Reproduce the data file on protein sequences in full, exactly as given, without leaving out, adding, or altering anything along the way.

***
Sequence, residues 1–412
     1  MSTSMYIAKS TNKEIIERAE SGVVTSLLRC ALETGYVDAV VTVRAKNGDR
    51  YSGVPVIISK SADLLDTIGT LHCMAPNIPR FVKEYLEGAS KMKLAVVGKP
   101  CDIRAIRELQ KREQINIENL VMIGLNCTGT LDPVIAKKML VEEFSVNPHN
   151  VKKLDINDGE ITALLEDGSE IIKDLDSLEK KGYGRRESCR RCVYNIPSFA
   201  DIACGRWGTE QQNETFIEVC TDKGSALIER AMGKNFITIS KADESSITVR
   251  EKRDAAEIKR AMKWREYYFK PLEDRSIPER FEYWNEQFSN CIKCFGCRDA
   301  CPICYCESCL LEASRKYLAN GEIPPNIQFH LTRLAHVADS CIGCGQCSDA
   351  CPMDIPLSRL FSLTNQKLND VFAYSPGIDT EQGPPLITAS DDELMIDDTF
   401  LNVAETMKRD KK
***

Sequence, residues 1–412
     1  MSTSMYIAKS TNKEIIERAE SGVVTSLLRC ALETGYVDAV VTVRAKNGDR
    51  YSGVPVIISK SADLLDTIGT LHCMAPNIPR FVKEYLEGAS KMKLAVVGKP
   101  CDIRAIRELQ KREQINIENL VMIGLNCTGT LDPVIAKKML VEEFSVNPHN
   151  VKKLDINDGE ITALLEDGSE IIKDLDSLEK KGYGRRESCR RCVYNIPSFA
   201  DIACGRWGTE QQNETFIEVC TDKGSALIER AMGKNFITIS KADESSITVR
   251  EKRDAAEIKR AMKWREYYFK PLEDRSIPER FEYWNEQFSN CIKCFGCRDA
   301  CPICYCESCL LEASRKYLAN GEIPPNIQFH LTRLAHVADS CIGCGQCSDA
   351  CPMDIPLSRL FSLTNQKLND VFAYSPGIDT EQGPPLITAS DDELMIDDTF
   401  LNVAETMKRD KK